HEAL holds a webinar about mental health during COVID-19

Victoria Meza, Reporter

A BC webinar was held called “Salud Mental y Bienestar Durante el COVID-19 (Mental Health and Wellbeing During COVID-19)” and hosted by Kathleen Murphy to talked about the mental health of people, whether they were students or not. The first half of the meeting was held in Spanish and the second half was hold in English, both with interpreters. The first half was with Doctor Tania Pachecho, who talked about mental health in rural communities.
Dr. Pachecho started to talk about the importance of this program, and why they did it in the first place. She was accompanied by Sandra Celedon who was explaining that she works in several healthy communities and she keeps building healthy communities to work with groups that are going to be able to bring up resources for folks that are looking forward to a happy life.
Celedon explains that she has been working with partners to shape a project to help folks to be updated about the information that would help to improve their life, mostly for essential workers.
After Celedon’s brief introduction about the project, they introduced their first speaker, Dr. Iran Barrera, to talk about awareness of mental health among Latino-American communities.
Dr. Barrera explains that there has been a lot of anxiety because of the pandemic; according to him, we became more distant from our family and friends and that is what is affecting everyone, including the Latino communities. He explains that anxiety is not the only thing that this separation has to bring up, but depression as well.
They talked about how African Americans, Latino, and some other communities are sometimes hesitating to say what they feel. They talked specifically about the Latino community because most Latinos have a cultural barrier to going to therapy; they handled it another way.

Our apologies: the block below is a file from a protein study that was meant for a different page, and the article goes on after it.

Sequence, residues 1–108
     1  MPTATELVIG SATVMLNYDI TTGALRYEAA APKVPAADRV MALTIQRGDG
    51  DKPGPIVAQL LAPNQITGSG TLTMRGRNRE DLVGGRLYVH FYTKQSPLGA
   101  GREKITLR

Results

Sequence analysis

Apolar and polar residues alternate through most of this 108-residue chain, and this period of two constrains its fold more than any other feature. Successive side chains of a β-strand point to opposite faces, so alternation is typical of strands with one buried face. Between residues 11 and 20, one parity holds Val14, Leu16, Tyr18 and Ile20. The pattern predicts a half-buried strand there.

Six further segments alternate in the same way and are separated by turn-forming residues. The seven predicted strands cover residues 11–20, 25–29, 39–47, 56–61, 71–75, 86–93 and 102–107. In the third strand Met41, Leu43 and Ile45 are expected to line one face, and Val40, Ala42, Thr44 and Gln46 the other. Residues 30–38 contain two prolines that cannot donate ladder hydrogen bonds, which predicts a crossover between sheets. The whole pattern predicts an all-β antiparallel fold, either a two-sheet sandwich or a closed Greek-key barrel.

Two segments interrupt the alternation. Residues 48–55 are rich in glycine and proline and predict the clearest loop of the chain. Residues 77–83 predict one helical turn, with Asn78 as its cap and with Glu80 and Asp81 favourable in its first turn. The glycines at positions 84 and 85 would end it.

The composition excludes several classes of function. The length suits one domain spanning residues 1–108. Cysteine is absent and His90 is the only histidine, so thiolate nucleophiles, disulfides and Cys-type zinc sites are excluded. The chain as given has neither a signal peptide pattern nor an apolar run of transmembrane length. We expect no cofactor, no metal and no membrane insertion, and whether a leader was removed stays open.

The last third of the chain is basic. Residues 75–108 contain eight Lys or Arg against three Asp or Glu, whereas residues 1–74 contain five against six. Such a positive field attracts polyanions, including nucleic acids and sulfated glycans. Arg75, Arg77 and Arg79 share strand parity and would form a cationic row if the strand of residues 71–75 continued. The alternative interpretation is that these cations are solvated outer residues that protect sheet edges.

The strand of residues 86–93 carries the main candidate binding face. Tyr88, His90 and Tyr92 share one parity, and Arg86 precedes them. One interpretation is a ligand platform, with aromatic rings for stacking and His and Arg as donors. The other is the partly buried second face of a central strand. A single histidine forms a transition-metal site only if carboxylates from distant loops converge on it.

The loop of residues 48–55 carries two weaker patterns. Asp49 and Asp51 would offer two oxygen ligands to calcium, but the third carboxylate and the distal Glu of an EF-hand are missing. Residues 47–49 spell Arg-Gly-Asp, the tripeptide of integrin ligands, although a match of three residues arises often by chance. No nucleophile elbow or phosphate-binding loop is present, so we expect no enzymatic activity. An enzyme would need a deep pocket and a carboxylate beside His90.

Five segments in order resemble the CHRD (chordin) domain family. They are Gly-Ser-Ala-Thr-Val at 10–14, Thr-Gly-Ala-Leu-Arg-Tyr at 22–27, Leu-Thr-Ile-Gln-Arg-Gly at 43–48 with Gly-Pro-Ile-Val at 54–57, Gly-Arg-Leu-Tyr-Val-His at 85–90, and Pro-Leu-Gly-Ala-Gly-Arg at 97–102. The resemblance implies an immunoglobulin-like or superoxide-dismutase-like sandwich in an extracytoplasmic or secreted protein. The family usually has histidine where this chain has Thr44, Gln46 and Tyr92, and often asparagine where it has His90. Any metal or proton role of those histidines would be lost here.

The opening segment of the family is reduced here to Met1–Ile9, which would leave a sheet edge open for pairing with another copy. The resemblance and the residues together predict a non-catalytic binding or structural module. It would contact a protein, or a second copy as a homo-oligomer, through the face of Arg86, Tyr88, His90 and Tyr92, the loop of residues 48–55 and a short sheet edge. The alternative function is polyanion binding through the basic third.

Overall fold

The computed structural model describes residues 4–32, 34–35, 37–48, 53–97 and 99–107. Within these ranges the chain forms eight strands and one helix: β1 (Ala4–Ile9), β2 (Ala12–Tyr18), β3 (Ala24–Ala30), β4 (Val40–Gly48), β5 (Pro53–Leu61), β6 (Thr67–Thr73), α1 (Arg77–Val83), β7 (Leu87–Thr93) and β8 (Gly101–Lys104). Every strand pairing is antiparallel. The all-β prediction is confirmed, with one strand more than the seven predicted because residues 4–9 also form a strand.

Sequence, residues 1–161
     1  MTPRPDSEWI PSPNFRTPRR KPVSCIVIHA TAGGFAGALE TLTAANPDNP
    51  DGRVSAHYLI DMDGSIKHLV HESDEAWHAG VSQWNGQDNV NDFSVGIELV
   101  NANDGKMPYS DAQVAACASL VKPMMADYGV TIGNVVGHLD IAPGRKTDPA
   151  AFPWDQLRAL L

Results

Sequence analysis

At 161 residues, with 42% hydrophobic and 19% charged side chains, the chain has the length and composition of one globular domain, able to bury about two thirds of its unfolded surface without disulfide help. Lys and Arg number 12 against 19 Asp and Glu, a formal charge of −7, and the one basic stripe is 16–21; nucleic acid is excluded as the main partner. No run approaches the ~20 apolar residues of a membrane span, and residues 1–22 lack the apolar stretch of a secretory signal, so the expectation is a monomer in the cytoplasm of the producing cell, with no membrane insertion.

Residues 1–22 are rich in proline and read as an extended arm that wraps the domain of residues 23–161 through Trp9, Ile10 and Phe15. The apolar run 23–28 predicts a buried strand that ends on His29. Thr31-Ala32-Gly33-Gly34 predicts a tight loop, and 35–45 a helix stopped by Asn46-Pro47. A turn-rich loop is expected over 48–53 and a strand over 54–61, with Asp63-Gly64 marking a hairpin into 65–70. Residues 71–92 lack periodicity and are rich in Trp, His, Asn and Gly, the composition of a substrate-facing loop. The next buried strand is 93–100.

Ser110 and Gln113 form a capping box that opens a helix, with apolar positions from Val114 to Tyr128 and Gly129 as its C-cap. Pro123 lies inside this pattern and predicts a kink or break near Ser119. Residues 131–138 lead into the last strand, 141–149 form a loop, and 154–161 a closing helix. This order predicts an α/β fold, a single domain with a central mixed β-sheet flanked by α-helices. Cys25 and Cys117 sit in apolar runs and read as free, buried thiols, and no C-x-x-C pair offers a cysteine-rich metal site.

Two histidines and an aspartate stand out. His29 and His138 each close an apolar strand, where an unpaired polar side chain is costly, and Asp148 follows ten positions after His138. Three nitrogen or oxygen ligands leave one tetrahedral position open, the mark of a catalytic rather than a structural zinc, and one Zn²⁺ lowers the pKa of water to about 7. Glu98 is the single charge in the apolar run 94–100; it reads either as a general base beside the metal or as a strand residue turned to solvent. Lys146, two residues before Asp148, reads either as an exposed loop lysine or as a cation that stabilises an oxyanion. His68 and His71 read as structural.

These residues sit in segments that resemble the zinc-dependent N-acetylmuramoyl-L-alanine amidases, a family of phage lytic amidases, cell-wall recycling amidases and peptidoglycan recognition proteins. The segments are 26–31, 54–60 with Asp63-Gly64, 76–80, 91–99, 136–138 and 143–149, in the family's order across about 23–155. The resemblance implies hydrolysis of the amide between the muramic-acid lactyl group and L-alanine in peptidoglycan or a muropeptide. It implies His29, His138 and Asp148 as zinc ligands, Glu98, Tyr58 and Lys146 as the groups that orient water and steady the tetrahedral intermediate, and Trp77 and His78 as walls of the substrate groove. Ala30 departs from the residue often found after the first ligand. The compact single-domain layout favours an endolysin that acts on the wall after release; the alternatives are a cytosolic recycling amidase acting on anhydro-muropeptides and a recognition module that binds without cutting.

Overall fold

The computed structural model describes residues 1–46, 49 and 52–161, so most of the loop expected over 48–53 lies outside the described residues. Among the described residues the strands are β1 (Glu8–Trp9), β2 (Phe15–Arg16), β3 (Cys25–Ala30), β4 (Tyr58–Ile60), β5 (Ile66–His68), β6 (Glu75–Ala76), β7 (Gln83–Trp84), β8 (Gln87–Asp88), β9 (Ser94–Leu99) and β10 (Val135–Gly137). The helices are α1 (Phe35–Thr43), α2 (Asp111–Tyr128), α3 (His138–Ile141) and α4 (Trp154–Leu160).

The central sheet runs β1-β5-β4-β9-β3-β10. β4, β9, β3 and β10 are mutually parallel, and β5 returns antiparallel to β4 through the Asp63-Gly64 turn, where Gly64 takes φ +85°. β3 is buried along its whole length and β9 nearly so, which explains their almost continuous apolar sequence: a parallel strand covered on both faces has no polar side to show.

“Our cultures are doing practices that are helping us feel better because at the end of the day what we’re trying to seek are ways that help us feel better, healthier,” said Dr. Barrera.
He explained that some people would rather go to another kind of “therapy” that would make them feel well, for example, go to play a game like Bingo and take it as therapy. That is why he said that they should be more creative when giving people solutions to solve their problems.
Dr. Pachecho explained that in her family, there was some postpartum depression. Her family would not go to a therapist to try to solve the problem or something, but they would go to ‘’curanderos’’ (herbal healers). This was because, in her family, postpartum depression was never called like that.
“It’s very important that people find the space within their own culture to be able to heal from everything that is occurring throughout this pandemic, but on the other hand we also have to recognize that some people need this attention,” said Dr. Pachecho. “They need to go to a therapist. They need to go to a psychiatrist. They need to go to the hospital if they’re having a mental crisis.”
They mentioned that the Latino community has several barriers when they have a mental crisis because they would rather do anything else but to a psychiatrist or a hospital. They also mentioned the importance of the spread of information for those cultural communities.
The second half of the meeting was with Dr. Seshaan Ritman, who just graduated from the UCLA psychology program. Dr. Ritman explained that his role in the COVID-19 Equity Project is to provide mental health support to people and he helps them to meditate and to relax through breathing exercises. He made a breathing exercise for all the people that were there, just as an example of what he does.
The meeting finished with Dr. Ritman explaining the importance of meditation and that is very worthy to be in tune with your mind and body, and the other panelist remembering all the attendants the importance of mental health, no matter what is your cultural background. They also explained that they made this webinar as a reminder that they keep working and collaborating to help all folks whose mental health has been affected by the pandemic.